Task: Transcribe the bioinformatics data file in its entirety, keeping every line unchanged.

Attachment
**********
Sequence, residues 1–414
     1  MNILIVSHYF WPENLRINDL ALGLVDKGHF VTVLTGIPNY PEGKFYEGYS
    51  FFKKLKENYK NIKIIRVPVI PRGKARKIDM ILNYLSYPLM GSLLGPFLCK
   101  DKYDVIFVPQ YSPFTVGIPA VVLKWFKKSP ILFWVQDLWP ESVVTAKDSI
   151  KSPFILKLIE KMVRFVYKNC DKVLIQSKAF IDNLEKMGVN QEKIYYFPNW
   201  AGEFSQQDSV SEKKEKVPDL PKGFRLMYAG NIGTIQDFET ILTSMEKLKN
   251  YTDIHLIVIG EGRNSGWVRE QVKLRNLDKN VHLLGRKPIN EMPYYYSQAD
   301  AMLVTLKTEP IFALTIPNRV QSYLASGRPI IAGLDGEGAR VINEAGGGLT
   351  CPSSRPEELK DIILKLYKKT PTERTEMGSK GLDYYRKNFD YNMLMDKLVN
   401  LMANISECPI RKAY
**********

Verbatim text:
Sequence, residues 1–414
     1  MNILIVSHYF WPENLRINDL ALGLVDKGHF VTVLTGIPNY PEGKFYEGYS
    51  FFKKLKENYK NIKIIRVPVI PRGKARKIDM ILNYLSYPLM GSLLGPFLCK
   101  DKYDVIFVPQ YSPFTVGIPA VVLKWFKKSP ILFWVQDLWP ESVVTAKDSI
   151  KSPFILKLIE KMVRFVYKNC DKVLIQSKAF IDNLEKMGVN QEKIYYFPNW
   201  AGEFSQQDSV SEKKEKVPDL PKGFRLMYAG NIGTIQDFET ILTSMEKLKN
   251  YTDIHLIVIG EGRNSGWVRE QVKLRNLDKN VHLLGRKPIN EMPYYYSQAD
   301  AMLVTLKTEP IFALTIPNRV QSYLASGRPI IAGLDGEGAR VINEAGGGLT
   351  CPSSRPEELK DIILKLYKKT PTERTEMGSK GLDYYRKNFD YNMLMDKLVN
   401  LMANISECPI RKAY